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As the world moves to the cloud, data integration becomes critical to an organization’s cloud strategy. Data forms the basis for implementing modern technologies like the Internet-of-Things (IoT), Artificial Intelligence/Machine Learning (AI/ML), and advanced analytics, to name a few. These technologies bring challenges for both data integration and data management. And because of this, data integration strategies will undoubtedly define the performance and experience of most business systems.

Multiple approaches can be taken for data integration, and different businesses will have different requirements. While use cases will help with establishing the right approach, the requirements, constraints, and end goals are often defined by the size of an organization. Let’s examine what requirements an organization may have, based on its size.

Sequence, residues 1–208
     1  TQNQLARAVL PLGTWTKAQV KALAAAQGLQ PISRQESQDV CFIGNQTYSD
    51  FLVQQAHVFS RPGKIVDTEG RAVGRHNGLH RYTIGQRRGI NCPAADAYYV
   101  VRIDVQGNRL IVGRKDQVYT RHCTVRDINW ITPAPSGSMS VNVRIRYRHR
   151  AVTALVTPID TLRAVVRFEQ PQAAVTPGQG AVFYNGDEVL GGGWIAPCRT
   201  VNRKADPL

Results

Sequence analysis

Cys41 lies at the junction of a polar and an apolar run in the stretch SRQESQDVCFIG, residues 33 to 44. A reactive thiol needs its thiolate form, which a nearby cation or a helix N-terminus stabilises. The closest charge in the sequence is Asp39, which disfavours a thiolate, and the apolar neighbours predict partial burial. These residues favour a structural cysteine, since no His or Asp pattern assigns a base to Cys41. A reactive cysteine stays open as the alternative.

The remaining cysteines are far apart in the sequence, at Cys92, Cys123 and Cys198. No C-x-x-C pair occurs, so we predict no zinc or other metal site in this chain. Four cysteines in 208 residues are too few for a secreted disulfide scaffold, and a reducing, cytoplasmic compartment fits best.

Data Integration Requirements Based on Business Size

Small businesses require a data strategy that delivers operational and competitive advantages, like automating data processes, reducing skill requirements and costs, and ensuring scalability. This is primarily to operate efficiently and grow rapidly with limited resources.

Medium-sized businesses aim to enable better decision-making by tracking business performance and using complex analytics. Data security and compliance requirements are also critical and require a resilient data integration strategy.